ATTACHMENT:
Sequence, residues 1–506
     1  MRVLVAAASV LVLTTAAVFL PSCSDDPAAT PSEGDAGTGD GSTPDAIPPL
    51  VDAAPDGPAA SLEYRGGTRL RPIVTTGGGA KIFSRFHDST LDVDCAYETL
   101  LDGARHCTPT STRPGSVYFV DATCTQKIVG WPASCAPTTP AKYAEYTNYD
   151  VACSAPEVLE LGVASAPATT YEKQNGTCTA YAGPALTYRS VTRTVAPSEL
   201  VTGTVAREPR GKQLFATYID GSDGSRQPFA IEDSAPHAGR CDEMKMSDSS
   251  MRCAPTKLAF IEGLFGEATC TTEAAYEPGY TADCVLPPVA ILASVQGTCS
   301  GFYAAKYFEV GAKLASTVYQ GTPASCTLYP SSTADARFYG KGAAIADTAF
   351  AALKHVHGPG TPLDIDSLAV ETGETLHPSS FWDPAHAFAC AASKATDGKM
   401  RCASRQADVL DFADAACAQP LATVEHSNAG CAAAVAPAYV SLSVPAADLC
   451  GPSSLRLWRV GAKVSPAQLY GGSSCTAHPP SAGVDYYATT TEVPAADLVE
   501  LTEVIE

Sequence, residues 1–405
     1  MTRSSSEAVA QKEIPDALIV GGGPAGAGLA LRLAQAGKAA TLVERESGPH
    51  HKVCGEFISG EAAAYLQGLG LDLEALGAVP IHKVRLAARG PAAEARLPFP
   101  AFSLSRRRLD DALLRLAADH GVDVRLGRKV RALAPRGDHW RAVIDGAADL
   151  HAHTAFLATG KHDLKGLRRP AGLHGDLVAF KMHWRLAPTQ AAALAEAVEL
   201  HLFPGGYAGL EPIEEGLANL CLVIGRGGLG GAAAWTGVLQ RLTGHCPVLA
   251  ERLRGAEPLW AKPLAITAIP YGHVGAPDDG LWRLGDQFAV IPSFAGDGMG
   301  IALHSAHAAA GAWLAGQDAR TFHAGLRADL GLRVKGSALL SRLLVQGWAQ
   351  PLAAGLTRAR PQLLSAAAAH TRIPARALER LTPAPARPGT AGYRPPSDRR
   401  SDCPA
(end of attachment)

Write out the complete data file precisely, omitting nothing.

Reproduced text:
Sequence, residues 1–506
     1  MRVLVAAASV LVLTTAAVFL PSCSDDPAAT PSEGDAGTGD GSTPDAIPPL
    51  VDAAPDGPAA SLEYRGGTRL RPIVTTGGGA KIFSRFHDST LDVDCAYETL
   101  LDGARHCTPT STRPGSVYFV DATCTQKIVG WPASCAPTTP AKYAEYTNYD
   151  VACSAPEVLE LGVASAPATT YEKQNGTCTA YAGPALTYRS VTRTVAPSEL
   201  VTGTVAREPR GKQLFATYID GSDGSRQPFA IEDSAPHAGR CDEMKMSDSS
   251  MRCAPTKLAF IEGLFGEATC TTEAAYEPGY TADCVLPPVA ILASVQGTCS
   301  GFYAAKYFEV GAKLASTVYQ GTPASCTLYP SSTADARFYG KGAAIADTAF
   351  AALKHVHGPG TPLDIDSLAV ETGETLHPSS FWDPAHAFAC AASKATDGKM
   401  RCASRQADVL DFADAACAQP LATVEHSNAG CAAAVAPAYV SLSVPAADLC
   451  GPSSLRLWRV GAKVSPAQLY GGSSCTAHPP SAGVDYYATT TEVPAADLVE
   501  LTEVIE

Sequence, residues 1–405
     1  MTRSSSEAVA QKEIPDALIV GGGPAGAGLA LRLAQAGKAA TLVERESGPH
    51  HKVCGEFISG EAAAYLQGLG LDLEALGAVP IHKVRLAARG PAAEARLPFP
   101  AFSLSRRRLD DALLRLAADH GVDVRLGRKV RALAPRGDHW RAVIDGAADL
   151  HAHTAFLATG KHDLKGLRRP AGLHGDLVAF KMHWRLAPTQ AAALAEAVEL
   201  HLFPGGYAGL EPIEEGLANL CLVIGRGGLG GAAAWTGVLQ RLTGHCPVLA
   251  ERLRGAEPLW AKPLAITAIP YGHVGAPDDG LWRLGDQFAV IPSFAGDGMG
   301  IALHSAHAAA GAWLAGQDAR TFHAGLRADL GLRVKGSALL SRLLVQGWAQ
   351  PLAAGLTRAR PQLLSAAAAH TRIPARALER LTPAPARPGT AGYRPPSDRR
   401  SDCPA